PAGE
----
Dear Mr. Solmonese,
I know that part of your job and the job of your media/communications staff is to put the best possible spin on things political, but when I read the subject of this email communication [HRC’s post-election listserv email exlaiming, “We did it!”], all I could think of was George W. Bush’s pronouncement, “Mission Accomplished!”
“We did it!”?? What, exactly, did we do? Yes, from a standpoint of partisan politics, the results of congressional elections are good for the Democratic party. Certainly the election of public officials who are on record supporting the advancement of those rights which gay men and women have so long been denied is also a good, dare I say hopeful, sign. But while the elected can celebrate, as a gay man I see precious little to celebrate when four more states (and perhaps five) have voted strongly to ban “same-sex marriage” in one form or another.
This means that the majority of voters in these states have come out and publicly stated that they believe gay men and women do not deserve the rights of heterosexuals. This means that the lives of gay men and women in these four states are worse today than they were yesterday. This means that as a community, we have such a long road ahead of us to change the hearts and minds of many who would rather, to be frank, see a world in which gay people did not exist.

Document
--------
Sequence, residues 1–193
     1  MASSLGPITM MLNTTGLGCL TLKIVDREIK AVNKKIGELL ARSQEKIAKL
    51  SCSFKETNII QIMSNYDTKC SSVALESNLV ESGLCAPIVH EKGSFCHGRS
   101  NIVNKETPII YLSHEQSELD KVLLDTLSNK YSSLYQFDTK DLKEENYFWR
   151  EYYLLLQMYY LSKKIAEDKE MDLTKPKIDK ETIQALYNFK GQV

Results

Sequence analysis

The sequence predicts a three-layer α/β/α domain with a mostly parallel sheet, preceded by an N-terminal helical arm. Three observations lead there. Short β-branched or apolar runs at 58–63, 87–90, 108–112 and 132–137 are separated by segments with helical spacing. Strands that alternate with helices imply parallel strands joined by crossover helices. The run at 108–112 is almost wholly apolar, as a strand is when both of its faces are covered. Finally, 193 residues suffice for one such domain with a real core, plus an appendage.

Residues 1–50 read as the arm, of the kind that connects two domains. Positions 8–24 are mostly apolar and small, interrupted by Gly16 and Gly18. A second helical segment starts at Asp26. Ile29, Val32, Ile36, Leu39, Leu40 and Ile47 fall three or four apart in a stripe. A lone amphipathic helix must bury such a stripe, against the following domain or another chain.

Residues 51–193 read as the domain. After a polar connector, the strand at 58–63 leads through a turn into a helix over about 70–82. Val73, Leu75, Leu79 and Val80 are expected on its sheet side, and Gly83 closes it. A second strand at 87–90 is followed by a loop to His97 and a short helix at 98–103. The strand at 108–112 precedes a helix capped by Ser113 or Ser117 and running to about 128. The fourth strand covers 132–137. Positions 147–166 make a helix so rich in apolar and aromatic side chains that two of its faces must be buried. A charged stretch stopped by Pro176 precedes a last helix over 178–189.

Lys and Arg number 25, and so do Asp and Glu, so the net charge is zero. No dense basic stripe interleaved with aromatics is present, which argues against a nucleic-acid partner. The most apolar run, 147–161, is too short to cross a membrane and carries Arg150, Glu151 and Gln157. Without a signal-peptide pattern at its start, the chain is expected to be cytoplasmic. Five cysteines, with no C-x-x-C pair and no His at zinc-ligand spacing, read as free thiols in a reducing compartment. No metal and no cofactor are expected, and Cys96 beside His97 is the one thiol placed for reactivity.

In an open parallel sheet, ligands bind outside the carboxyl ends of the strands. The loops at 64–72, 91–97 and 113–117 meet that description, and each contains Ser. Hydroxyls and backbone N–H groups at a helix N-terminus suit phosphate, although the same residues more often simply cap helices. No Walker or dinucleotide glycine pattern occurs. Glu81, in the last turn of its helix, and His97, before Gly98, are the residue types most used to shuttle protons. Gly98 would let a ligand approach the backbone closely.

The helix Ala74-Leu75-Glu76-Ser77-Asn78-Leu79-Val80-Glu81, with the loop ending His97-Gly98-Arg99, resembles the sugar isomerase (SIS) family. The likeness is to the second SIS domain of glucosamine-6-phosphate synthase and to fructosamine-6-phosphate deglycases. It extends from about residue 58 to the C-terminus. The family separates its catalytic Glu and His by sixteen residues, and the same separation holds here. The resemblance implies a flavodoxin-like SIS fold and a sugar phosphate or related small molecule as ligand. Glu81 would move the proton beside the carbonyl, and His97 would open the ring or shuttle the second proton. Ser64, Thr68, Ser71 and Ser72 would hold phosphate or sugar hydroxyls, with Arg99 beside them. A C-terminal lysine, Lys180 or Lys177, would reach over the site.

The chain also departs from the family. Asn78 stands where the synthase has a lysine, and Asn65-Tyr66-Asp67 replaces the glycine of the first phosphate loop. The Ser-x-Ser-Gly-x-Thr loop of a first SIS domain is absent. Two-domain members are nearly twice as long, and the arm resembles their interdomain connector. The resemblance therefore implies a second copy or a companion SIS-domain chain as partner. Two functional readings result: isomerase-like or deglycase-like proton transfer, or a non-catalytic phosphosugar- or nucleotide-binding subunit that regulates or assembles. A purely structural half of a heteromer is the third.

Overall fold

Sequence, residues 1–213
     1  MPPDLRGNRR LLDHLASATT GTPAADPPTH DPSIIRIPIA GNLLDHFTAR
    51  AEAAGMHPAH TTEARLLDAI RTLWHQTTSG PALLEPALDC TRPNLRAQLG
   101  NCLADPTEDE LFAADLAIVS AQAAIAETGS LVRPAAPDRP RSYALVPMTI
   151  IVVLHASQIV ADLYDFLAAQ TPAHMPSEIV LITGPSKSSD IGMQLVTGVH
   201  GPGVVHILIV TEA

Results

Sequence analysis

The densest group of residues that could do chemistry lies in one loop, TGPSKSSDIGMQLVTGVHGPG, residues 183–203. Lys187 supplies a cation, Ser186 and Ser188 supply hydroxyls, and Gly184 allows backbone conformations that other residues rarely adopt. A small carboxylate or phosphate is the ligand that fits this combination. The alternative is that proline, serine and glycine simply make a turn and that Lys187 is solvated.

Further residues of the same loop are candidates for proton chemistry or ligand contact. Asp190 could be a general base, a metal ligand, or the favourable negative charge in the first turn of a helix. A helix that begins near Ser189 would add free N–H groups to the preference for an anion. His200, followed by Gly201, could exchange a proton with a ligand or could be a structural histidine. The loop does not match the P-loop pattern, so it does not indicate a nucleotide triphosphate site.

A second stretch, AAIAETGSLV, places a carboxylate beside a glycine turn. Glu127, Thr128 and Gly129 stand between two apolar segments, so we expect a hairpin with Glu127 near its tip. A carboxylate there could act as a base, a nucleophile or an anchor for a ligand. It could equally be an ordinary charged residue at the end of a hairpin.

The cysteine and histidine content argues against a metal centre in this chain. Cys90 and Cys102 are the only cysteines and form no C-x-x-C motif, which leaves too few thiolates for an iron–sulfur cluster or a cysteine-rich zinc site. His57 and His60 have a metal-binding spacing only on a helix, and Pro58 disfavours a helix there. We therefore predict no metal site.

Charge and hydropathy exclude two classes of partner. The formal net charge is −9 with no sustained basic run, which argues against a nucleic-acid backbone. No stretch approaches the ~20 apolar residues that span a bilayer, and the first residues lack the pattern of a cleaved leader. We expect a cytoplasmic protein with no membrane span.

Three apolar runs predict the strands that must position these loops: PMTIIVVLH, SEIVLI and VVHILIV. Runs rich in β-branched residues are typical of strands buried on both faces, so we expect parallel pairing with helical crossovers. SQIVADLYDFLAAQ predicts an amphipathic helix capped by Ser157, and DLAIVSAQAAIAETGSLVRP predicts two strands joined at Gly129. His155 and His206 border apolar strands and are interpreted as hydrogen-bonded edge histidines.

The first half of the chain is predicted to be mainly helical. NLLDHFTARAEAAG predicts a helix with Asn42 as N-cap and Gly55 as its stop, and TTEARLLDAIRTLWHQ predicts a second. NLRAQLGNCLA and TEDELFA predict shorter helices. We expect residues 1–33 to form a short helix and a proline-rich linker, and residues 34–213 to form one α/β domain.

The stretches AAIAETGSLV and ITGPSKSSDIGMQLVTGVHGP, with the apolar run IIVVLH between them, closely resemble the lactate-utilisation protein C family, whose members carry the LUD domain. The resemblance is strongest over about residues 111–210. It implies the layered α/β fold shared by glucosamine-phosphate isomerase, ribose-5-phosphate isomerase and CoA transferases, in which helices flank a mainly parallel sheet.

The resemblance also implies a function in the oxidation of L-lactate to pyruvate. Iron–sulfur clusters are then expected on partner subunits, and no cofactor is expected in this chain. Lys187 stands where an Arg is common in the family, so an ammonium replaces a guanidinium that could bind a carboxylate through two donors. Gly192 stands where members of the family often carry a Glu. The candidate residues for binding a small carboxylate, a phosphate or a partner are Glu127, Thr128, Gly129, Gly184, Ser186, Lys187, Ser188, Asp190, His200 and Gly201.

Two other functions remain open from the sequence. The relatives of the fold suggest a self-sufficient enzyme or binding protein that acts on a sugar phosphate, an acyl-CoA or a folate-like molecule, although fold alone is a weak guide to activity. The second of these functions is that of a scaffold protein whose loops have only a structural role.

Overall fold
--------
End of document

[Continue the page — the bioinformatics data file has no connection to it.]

Am I wrong to think that the HRC exists not for the advancement of one political party over another, but rather for the advancement of the rights of gay and lesbian people, regardless of other factors? I hope that your pronouncement of victory will result in concrete measures in the next Congress that clearly and practically improve the lives of gay men and women throughout country. Failing that, perhaps the HRC needs to re-consider its methods and strategies. To my way of thinking, this does come down to a matter of hearts and minds. A “fair-minded Congress” will naturally be the result of a “fair minded electorate” who believe that gay men and women are just as equal before the law as all other persons.
Timothy MacGeorge Washington, DC